JACQUELINE NOVOGRATZ, a veteran of the Rockefeller Foundation and a former consultant to the World Bank, talks enthusiastically about the development of a company in Africa where some 2,000 women earn, on average, $1.80 a day producing antimalarial bed netting. With the assistance of a $350,000 loan from an American investor, the business started making the nets nearly three years ago and is likely to add 1,000 more jobs within the next year.
”They’re in the process of building a real company town there,” Ms. Novogratz said.
Ms. Novogratz is not an outsourcing executive at a multinational company. Rather, she is the chief executive of the Acumen Fund, a philanthropic start-up based in New York that uses donations to make equity investments and loans in both for-profit and nonprofit companies in impoverished countries. One of the stars of her small portfolio is the bed-netting maker, A to Z Manufacturing, a family-owned company in Tanzania — a country where 80 percent of the population makes less than $2 a day.
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”To put it in the baldest possible terms, the more sweatshops the better,” said William Easterly, professor of economics at New York University and author of ”The White Man’s Burden: Why the West’s Efforts to Aid the Rest Have Done So Much Ill and So Little Good.” Professor Easterly is not advocating the deliberate creation of workplaces with miserable conditions. ”As you increase the number of factories demanding labor, wages will be driven up,” he said, and eventually such factories will not be sweatshops.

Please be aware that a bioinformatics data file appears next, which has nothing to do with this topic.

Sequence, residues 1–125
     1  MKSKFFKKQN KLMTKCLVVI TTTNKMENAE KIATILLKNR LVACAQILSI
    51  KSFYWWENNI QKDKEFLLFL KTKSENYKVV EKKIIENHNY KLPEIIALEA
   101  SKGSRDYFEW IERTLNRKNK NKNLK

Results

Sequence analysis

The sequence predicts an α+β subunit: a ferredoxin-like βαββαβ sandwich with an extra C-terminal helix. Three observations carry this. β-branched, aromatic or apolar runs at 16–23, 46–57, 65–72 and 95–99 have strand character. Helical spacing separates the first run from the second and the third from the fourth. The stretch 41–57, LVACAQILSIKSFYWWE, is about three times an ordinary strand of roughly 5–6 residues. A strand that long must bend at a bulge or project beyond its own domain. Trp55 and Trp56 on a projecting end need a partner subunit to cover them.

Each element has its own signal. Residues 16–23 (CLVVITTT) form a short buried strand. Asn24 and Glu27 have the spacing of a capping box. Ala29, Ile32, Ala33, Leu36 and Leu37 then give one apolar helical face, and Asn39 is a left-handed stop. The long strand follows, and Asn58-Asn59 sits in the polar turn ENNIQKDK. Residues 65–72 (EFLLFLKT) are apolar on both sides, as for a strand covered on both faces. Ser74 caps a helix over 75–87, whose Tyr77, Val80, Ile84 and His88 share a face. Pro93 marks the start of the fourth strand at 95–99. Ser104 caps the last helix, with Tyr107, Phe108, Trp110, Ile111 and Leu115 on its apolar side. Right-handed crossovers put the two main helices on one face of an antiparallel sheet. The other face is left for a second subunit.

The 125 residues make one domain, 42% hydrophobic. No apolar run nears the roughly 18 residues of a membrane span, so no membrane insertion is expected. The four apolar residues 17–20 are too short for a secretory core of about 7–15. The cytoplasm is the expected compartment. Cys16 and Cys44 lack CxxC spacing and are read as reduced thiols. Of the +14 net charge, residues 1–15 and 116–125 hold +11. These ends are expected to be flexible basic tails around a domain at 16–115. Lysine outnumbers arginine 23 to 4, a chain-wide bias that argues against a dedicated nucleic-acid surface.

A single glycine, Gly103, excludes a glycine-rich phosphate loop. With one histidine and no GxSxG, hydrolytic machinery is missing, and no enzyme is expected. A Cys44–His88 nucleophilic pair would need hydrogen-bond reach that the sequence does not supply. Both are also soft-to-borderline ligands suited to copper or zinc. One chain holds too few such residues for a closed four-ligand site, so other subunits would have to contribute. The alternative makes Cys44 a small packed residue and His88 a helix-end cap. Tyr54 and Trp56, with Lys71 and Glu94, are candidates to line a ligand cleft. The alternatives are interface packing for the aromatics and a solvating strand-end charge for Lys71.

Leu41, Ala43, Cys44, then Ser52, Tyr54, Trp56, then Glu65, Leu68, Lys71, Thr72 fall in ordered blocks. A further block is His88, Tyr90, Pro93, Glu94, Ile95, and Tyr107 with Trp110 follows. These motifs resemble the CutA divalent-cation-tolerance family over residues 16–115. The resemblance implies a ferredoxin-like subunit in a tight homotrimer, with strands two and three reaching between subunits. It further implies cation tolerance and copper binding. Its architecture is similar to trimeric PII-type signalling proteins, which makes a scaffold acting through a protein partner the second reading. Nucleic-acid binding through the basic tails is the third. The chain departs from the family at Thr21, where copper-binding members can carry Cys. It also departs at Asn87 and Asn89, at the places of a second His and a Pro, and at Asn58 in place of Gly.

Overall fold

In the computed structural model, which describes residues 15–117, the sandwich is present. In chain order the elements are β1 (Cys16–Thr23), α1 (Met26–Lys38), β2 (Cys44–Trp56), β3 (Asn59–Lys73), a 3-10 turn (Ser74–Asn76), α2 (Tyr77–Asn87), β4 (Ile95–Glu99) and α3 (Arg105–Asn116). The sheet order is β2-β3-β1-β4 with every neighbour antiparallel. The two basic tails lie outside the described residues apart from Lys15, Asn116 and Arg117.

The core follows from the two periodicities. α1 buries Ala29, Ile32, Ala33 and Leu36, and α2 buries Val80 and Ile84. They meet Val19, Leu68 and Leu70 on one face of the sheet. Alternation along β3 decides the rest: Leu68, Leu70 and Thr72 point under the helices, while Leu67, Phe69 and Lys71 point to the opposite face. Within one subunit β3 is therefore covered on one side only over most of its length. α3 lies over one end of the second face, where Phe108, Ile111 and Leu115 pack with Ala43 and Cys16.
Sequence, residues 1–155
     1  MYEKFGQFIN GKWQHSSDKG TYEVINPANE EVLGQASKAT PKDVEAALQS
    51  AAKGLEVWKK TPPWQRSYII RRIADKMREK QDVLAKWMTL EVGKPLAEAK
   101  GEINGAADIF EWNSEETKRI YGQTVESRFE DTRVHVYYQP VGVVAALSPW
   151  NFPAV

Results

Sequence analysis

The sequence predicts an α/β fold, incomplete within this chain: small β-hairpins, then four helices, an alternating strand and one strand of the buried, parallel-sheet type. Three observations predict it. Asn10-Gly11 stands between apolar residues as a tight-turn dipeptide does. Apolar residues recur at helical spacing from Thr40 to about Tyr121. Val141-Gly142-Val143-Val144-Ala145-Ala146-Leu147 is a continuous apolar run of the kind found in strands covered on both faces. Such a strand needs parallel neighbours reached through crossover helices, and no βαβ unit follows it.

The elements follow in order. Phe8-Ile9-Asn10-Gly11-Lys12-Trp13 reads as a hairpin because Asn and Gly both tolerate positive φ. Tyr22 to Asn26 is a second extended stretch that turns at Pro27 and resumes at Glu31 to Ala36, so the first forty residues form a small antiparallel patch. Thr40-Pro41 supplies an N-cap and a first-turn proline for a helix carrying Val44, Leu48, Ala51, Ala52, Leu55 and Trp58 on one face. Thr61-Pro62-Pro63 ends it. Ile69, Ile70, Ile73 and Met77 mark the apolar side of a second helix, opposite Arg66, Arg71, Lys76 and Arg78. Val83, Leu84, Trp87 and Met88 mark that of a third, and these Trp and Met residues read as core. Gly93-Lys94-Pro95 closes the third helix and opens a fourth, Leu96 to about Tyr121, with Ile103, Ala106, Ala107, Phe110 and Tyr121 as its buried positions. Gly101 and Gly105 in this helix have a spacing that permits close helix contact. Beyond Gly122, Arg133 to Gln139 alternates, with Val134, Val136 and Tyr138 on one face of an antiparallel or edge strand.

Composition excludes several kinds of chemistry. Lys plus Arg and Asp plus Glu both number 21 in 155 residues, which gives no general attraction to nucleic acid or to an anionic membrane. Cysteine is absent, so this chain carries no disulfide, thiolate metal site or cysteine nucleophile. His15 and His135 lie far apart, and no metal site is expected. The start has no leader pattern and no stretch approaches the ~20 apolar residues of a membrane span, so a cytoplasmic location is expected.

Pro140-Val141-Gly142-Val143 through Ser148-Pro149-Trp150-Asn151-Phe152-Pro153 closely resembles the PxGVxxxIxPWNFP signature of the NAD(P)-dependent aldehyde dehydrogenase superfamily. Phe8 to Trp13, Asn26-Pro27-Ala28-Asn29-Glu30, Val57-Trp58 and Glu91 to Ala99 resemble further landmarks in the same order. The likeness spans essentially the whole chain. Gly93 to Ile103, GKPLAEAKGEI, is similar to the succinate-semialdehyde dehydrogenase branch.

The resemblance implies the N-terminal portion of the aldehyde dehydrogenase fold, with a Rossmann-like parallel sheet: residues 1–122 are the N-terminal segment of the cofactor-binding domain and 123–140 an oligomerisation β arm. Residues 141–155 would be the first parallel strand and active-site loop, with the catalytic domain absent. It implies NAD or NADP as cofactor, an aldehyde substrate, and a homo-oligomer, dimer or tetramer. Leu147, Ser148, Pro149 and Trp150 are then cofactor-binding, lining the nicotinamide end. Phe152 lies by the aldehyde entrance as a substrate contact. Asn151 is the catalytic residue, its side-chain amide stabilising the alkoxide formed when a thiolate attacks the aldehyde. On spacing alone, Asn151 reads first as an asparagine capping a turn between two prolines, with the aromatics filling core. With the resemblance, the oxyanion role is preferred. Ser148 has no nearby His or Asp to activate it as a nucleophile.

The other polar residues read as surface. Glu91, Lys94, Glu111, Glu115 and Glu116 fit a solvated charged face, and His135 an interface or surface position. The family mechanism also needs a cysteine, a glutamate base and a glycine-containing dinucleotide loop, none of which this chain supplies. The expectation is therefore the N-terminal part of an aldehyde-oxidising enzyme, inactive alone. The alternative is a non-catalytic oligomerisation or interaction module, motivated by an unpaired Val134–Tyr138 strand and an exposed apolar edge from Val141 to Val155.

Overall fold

Ms. Novogratz says it can be difficult to tell well-off, philanthropy-minded Westerners that what Africa really needs is more $2-a-day jobs. But when they understand the alternatives, she said, such concerns tend to melt away. Before they found work at the netting factory in Tanzania, for example, many of the women were street vendors or domestic workers and earned less than $1 a day. A to Z’s wages place the women in Tanzania’s top quartile of earners, Ms. Novogratz said.
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